Conduction Electron


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conduction electron

[kən′dək·shən i′lek‚trän]
(solid-state physics)
An electron in the conduction band of a solid, where it is free to move under the influence of an electric field. Also known as outer-shell electron; valence electron.

Electron, Conduction

 

an electron in metals and semiconductors whose energy lies in a partially filled energy band (the conduction band; seeSOLID). At a temperature of absolute zero there are no electrons in the conduction band of dielectrics and semiconductors. Electrons appear with increased temperature, upon illumination and the introduction of impurities, and under the influence of other external influences.

Conduction electrons always exist in metals, where their concentration is high. When T = 0°K, conduction electrons in metals occupy all the states having energies less than the Fermi energy. It is convenient to describe their characteristics in terms of the kinetic theory of gases by utilizing the concepts of mean free path and frequency of collisions, among others. In semiconductors, where the number of conduction electrons is relatively small, the gas is well described by the classical Boltzmann statistics. In metals, the conduction electrons form a degenerate Fermi liquid.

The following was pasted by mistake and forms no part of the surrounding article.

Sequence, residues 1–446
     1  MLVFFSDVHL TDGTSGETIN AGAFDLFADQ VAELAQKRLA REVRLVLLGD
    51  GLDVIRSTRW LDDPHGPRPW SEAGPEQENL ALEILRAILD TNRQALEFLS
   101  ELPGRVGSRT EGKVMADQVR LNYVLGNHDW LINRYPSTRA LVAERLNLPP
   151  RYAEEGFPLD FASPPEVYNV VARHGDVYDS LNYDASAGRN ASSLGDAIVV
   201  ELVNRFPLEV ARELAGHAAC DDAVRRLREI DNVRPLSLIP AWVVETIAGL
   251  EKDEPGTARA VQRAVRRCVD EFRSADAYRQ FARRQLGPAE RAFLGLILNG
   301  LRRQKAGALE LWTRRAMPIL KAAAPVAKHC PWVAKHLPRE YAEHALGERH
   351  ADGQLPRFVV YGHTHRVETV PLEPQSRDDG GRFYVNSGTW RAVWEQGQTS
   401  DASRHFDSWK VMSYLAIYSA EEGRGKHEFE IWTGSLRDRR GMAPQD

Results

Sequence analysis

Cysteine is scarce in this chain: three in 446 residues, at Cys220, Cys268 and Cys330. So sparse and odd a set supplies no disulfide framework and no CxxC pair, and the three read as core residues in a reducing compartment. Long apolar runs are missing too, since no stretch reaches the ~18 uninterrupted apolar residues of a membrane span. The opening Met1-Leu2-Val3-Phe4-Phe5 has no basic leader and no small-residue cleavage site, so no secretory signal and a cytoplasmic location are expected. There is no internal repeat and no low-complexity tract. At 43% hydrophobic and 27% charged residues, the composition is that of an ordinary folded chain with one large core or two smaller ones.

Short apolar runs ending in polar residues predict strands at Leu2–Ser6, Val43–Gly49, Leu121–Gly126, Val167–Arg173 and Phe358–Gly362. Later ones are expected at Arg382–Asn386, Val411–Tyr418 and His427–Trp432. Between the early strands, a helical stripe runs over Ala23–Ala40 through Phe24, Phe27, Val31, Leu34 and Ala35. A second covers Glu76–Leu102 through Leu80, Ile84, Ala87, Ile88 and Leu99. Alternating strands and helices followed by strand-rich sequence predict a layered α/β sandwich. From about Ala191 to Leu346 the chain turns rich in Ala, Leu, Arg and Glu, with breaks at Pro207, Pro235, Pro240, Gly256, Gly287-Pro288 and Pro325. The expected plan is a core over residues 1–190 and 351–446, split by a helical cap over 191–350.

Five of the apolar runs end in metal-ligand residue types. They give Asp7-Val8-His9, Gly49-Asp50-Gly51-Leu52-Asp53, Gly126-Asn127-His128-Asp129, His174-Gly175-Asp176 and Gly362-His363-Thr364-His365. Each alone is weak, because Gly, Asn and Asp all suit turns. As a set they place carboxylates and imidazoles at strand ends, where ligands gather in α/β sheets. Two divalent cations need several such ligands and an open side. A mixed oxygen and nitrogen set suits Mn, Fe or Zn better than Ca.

References in periodicals archive ?
* Response of conduction electrons: From the concept of single electrons moving against a background lattice of positive ion cores we can describe many of the fundamental electronic properties of the solid state.
We are going to use such pairs of charges--specifically a conduction electron (-e), and its partner, the nearest stationary proton (e)--in a current carrying wire and investigate the non vanishing field in lab produced by such pairs outside the wire.
where [C.sup.+.sub.k[sigma]]([C.sub.k[sigma]]) and [f.sup.+.sub.k[sigma]] ([f.sub.k[sigma]]) are the creation (annihilation) operator of conduction electron and f-electron.
This is the first time that strong nuclear spin polarisation of a defect atom in a solid is demonstrated at room temperature by spin-polarised conduction electrons.
"Heavy-fermion compounds" are materials in which the conduction electrons move as if they were hundreds of times more massive than those in conventional metals.
This region therefore is depleted of conduction electrons and the surface resistivity of the grain increases.
In graphene, on the other hand, conduction electrons tend to move in lockstep as a single quantum entity.
The high transconductance of the HEMT is the result of confining a substantial fraction of the conduction electrons into a two dimensional electron gas near the heterojunction.
The reduction in magnetic domain arrangement leads to reduced interaction between conduction electrons and magnons, causing a decrease in the temperature coefficient of electrical resistivity.